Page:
Forgiveness, Justice, and Spiritual Vigilantes


I recently posted an article “Should we only forgive those who repent?” The article stimulated some helpful discussion and I thought my answer to the following question regarding how individual forgiveness works in relation to church discipline might be helpful for others as well.


In your opinion, how does 1 Corinthians 5; especially verses 11, 13 fit into what you posit here?  How does Matthew 18:17?  How does Titus 3:10?  I’d appreciate your thoughts as I’m trying to think through these issues.  Blessings…

My Answer:

That is a good question and one I attempted to anticipate this in the article with the following thoughts:

Ultimate judgment belongs to God so all are ultimately accountable for the consequences of their actions and decisions.

I wrote:

“We can hand over our anger and ill will to God who alone has the ultimate right of vengeance (Lev 19:18, Heb 10:30).”

God mediates his rule and holds people accountable at the present time through congregational discipline and civil authorities. In other words, they have the right and responsibility to discipline and punish, providing individuals consequences for their actions (Matt 18, 1 Cor 5, Titus 3):

I wrote:

“Though we know that God will judge and that it is right for the community to offer consequences for actions (congregational and civil if applicable), we are personally called to forgive from the heart while acknowledging that our actions cannot bring about reconciliation.”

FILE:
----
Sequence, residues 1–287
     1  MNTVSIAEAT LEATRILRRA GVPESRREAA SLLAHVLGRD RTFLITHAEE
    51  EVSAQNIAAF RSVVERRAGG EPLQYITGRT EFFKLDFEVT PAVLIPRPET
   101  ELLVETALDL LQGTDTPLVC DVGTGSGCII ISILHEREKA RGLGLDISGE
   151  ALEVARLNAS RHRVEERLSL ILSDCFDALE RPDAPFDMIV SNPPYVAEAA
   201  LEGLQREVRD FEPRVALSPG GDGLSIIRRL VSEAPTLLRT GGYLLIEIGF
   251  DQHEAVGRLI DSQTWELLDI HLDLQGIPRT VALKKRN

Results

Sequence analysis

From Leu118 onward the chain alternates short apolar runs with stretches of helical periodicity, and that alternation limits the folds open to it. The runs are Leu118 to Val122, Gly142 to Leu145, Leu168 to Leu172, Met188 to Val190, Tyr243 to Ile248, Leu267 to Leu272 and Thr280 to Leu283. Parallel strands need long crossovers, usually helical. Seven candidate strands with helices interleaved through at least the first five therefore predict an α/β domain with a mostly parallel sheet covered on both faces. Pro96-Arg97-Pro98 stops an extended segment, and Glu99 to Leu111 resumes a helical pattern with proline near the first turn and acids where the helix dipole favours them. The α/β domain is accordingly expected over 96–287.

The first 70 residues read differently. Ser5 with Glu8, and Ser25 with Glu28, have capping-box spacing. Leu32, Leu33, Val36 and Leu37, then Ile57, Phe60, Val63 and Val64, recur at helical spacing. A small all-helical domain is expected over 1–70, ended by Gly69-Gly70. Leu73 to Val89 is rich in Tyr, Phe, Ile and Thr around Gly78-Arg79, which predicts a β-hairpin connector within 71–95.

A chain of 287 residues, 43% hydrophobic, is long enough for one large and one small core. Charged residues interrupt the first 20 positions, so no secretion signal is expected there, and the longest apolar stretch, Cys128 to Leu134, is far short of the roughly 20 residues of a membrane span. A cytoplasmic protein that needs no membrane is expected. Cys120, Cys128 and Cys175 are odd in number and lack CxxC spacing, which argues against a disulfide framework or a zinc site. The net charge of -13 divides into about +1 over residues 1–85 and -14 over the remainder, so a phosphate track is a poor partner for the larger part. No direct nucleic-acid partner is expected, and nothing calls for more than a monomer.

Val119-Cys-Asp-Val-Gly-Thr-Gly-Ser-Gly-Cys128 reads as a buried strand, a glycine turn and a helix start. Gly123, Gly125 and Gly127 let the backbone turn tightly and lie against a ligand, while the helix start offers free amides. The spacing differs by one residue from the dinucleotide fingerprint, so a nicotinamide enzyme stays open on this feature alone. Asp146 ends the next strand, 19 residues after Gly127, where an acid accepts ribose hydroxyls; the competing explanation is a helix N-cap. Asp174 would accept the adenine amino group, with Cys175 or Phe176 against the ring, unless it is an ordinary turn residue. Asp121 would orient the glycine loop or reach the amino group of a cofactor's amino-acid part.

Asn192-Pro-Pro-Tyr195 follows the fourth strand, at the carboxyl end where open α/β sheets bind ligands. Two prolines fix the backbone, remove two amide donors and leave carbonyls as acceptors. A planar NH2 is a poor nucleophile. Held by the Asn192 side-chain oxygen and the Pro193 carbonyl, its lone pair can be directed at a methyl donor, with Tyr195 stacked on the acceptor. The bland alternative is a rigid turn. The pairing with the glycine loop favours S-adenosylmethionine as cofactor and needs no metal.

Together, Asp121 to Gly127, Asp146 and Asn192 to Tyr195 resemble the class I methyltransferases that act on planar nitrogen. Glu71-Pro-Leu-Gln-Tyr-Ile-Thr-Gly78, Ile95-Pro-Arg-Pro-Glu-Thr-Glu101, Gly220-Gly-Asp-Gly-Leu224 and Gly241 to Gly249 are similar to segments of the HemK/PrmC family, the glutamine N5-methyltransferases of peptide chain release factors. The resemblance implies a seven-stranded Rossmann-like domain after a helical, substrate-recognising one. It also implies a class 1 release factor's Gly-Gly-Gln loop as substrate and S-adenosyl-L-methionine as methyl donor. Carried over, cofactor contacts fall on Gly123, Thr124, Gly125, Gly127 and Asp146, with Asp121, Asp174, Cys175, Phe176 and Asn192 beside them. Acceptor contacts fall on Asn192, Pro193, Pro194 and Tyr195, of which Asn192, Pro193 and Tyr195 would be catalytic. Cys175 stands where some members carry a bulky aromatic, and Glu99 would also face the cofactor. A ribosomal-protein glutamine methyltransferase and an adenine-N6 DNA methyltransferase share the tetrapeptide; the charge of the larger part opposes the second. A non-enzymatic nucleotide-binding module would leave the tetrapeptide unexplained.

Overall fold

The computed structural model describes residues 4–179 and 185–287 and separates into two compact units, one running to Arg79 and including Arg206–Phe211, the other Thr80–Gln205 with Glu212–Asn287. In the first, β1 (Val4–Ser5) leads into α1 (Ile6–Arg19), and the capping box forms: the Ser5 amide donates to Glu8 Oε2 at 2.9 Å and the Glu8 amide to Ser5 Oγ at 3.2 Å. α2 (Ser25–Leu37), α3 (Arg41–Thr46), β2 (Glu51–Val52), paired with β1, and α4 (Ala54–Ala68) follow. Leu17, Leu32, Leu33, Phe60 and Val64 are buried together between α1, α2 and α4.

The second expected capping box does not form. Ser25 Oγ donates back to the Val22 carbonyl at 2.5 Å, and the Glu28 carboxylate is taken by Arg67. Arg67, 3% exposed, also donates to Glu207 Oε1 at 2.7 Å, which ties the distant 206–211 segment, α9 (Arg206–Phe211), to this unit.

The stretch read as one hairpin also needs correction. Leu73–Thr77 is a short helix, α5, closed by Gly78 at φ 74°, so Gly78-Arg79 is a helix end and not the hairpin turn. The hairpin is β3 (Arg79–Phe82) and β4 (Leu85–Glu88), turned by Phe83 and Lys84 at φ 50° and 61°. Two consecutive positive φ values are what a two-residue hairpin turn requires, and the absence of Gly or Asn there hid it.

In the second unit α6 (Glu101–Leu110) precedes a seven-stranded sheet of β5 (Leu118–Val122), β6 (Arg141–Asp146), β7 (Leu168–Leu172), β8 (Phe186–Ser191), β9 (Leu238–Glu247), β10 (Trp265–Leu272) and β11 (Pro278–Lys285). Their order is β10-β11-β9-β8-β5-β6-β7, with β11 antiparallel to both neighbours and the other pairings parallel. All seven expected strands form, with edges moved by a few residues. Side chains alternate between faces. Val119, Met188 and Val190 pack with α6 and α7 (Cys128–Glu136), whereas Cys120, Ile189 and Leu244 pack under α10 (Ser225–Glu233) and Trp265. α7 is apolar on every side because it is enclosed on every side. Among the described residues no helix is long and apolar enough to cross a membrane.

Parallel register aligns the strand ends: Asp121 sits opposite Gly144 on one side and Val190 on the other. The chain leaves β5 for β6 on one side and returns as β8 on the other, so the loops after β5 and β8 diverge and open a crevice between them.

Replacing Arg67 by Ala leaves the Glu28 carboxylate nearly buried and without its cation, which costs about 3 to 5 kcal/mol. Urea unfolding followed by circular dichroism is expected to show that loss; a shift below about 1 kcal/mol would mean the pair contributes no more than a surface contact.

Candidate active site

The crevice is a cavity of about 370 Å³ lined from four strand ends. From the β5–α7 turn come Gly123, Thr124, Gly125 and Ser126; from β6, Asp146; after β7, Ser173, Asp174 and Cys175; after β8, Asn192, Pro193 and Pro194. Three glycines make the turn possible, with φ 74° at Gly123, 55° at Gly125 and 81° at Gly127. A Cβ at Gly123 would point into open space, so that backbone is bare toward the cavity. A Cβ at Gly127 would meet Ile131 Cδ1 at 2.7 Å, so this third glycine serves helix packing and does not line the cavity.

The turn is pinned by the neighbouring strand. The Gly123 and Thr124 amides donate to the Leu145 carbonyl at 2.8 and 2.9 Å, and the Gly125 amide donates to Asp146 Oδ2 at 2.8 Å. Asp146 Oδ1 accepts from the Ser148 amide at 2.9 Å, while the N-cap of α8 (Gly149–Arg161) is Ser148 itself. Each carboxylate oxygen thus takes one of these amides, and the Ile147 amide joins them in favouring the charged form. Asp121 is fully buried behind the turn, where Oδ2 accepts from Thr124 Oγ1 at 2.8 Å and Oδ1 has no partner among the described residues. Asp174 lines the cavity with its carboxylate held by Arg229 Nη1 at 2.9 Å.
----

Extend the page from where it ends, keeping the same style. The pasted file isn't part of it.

Thus, congregations have the authority to discipline and hold wayward members accountable that no individual possesses alone. Governmental authorities have the responsibility to punish evildoers and even the right to use the sword, which no individual possesses alone. If an individual were to attempt to usurp the appropriate authority God has given then that would be vigilante justice that dishonors God. For instance, someone may commit a crime and harm a person’s family member and it is appropriate for the civil authorities to execute judgment but the family member(s) may forgive the man personally and share the gospel with him, while at the same time supporting the civil authorities in the execution of societal judgment (I have seen this done first hand by members of my congregation).

This kind of corporate accountability and individual forgiveness is powerful. Puritan author, Thomas Watson explaining the command from Jesus to forgive or debtors wrote, “Forgiving and requiting good for evil is the best way to conquer and melt the heart of an enemy” (The Lord’s Prayer, Banner of Truth, p. 255). A way to think about this is that individual unforgiveness by a Christian is a spiritual vigilante act that they have been given no authority to execute.

Thanks for the helpful and clarifying question.

By |December 3rd, 2015|Categories: Blog|Tags: , |

About the Author:

David E. Prince is pastor of preaching and vision at Ashland Avenue Baptist Church in Lexington, Kentucky and assistant professor of Christian preaching at The Southern Baptist Theological Seminary. He is the author of In the Arena and Church with Jesus as the Hero. He blogs at Prince on Preaching and frequently writes for The Ethics and Religious Liberty Commission, For the Church, the BGEA and Preaching Today